AN INTERVIEW WITH BODE MILLER

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Olympic medalist and reigning giant slalom world champion Bode Miller [Franconia, NH] said in early September that since there are no Olympics nor any World Championships this season, he was looking to win a World Cup title this winter. The only skier, male or female, to compete in every race during the 2003 season, Miller got his pursuit of a title off on the right foot Sunday, winning the men's opening GS in Soelden, Austria. He had the fastest time in each run.



Reigning giant slalom world champion Bode Miller (Franconia, NH) made his head coach look like a prophet - and lived up to the media's billing as pre-race favorite - as he produced the fastest time on both runs Sunday, capturing the opening men's World Cup race of the season by more than a second on an icy course set on the Rettenbach Glacier. No other U.S. skier made the second run.



His win marked the first time a U.S. skier won the opening race of the season, whether early-early season or the old end-of-November start dates. (When Julie Parisien won the SL at Park City in November 1993, it was the third race of the winter.)



"I didn't really ski my best the first run," Miller said, "so to have the lead really gave me confidence. I was taking some risk in the second run, but I knew I had to. I felt really comfortable and when I crossed the finish line I knew I had won."



"The first course was nothing like I've ever seen before. And especially with the snow conditions the way they were. If it had been softer it would have been a lot easier. But you were going down the hill so directly and the speeds were so high, but the snow was also a little grippy. But you can't just slide into the turn to control your speed because your ski would catch. I like this kind of course, personally. It was so nerve-wracking how it was set, especially with it being the first race of the season."

"There was plenty of opportunity in each run for things to go differently. But I had great preparation from our Team and today it really worked for me."



"In the second run I was a lot more used to the snow. The first was the first time I really had taken a run on that snow. At least after that I had a little bit of knowledge and was able to change my tactics a bit.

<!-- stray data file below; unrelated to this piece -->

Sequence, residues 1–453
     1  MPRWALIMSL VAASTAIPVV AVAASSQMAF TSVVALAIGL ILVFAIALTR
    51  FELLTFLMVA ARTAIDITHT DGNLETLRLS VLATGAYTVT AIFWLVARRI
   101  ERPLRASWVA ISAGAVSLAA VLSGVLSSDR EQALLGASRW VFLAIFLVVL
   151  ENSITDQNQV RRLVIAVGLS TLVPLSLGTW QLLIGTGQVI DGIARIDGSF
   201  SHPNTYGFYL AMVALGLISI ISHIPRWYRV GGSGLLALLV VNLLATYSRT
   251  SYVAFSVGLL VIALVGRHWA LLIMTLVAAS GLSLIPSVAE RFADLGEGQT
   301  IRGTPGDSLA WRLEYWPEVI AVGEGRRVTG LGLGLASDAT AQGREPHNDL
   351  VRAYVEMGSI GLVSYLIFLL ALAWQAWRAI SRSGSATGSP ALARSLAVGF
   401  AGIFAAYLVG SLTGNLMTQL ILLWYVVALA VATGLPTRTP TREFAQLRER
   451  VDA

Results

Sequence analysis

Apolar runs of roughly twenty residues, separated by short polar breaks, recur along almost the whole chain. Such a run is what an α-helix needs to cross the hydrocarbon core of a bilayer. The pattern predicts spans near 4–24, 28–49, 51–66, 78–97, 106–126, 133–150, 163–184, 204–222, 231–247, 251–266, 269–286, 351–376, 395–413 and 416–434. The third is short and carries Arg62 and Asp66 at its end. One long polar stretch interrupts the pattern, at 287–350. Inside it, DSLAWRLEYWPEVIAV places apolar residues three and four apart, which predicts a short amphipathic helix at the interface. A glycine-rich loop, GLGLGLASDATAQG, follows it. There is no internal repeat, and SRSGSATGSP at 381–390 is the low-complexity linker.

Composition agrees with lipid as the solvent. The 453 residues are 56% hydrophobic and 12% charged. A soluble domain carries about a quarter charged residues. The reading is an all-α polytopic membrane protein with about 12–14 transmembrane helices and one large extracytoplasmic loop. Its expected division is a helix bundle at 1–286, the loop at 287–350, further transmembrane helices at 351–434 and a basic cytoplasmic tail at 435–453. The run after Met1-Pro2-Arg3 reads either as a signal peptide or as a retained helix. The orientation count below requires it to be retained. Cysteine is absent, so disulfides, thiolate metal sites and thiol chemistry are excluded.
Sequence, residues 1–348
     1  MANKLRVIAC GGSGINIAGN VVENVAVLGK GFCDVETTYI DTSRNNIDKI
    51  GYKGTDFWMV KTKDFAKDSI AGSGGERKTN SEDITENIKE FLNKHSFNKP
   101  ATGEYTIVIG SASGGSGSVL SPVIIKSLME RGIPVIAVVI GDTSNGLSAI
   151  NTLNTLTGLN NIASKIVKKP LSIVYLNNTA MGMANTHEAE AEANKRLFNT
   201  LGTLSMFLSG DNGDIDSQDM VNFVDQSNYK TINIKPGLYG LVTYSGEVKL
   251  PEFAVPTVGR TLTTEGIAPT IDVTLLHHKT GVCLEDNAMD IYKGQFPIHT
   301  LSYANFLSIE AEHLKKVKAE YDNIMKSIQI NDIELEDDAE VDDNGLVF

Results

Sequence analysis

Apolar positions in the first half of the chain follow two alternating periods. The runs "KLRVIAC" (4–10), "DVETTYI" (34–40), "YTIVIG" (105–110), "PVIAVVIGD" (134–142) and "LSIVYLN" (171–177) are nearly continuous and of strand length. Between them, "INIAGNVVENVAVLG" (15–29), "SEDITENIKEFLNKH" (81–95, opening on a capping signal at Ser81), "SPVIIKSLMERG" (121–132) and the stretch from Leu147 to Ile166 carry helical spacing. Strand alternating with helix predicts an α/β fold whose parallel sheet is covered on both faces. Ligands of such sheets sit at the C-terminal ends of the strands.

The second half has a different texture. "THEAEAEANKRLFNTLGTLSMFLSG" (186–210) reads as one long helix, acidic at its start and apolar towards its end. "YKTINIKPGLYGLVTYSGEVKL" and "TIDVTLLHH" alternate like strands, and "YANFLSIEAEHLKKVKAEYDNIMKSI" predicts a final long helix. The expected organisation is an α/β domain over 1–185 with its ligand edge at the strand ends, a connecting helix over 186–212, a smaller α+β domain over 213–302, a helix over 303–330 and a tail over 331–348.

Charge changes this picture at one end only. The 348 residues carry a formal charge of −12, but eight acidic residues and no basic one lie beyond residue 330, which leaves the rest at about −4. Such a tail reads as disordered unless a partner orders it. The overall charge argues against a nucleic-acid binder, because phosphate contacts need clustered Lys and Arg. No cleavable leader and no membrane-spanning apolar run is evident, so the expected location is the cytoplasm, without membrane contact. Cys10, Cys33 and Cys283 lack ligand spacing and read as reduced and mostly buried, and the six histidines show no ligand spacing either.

<Today was really icy and FIS has said it would be preparing harder and icier courses this year.>
"For myself, personally, I would rather have changing conditions. But it definitely makes it more fair for the later guys. You saw that in the first run today with a lot of guys [from outside the first 30 starters] qualifying. I think that's great and much more exciting to give those guys a chance to show what they can do."



<Were the courses difficult?>
"I was actually really surprised. The first course was nothing like I've ever seen before. And especially with the snow conditions the way they were. If it had been softer it would have been a lot easier. But you were going down the hill so directly and the speeds were so high, but the snow was also a little grippy. But you can't just slide into the turn to control your speed because your ski would catch. I like this kind of course personally. It was so nerve wracking how it was set, especially with it being the first race of the season."



<You were second last season and you've said you want to win overall World Cup.>
"The overall World Cup is something to talk about after one race. I wish they would give it to me right now, but I don't think that's going to happen -- at least no one's approached me with that option. I guess there's a few guys who win the first race and go on to win the overall title. But I think it's a good foundation for the season. I feel relaxed, though, and I feel I have more control on the things around me this year."

<How much of a difference are the skis making this year?>
"I was really impressed with the change and the progression so far this season. Rossignol is working really hard all the time testing. I'm actually on a very similar ski this year to what I was on last year. On every condition, especially on flatter sections of the course, this ski is far and way the best ski out there.



<The French were 2-3; the top Austrian was fifth. What about the French and Austrians?>
"I'm not at all surprised about the French. Everyone's seen [second-place finisher Frederic] Covili been really strong the last three years, and I think they have a good team, they all push each other, they're all good friends. They're one of the best teams out there. They come out and ski hard. They always push. So I'm not surprised at all.
"I'm a little surprised to not see the Austrians closer. It was just one of those days, it happens to everyone. But they're too strong a team not to be on the podium."



<Last year some said your technical skiing suffered because you skied speed events.>
"I heard a lot about how my technical skiing suffered last year. I think it was just one of those years. I was still second in GS and in slalom I was still in the top three despite having a lot of mistakes and DNFs. So it couldn't have suffered that badly."



Miller, who turned 26 two weeks ago, started seventh in the first run. He held a lead of nine-hundredths of a second over Frenchman Fredric Covili going into the final run - and he tore through the sun-bathed second course, which organizers iced after clearing a late-week storm that dumped about eight inches on the glacier. His winning time was 2:09.58.

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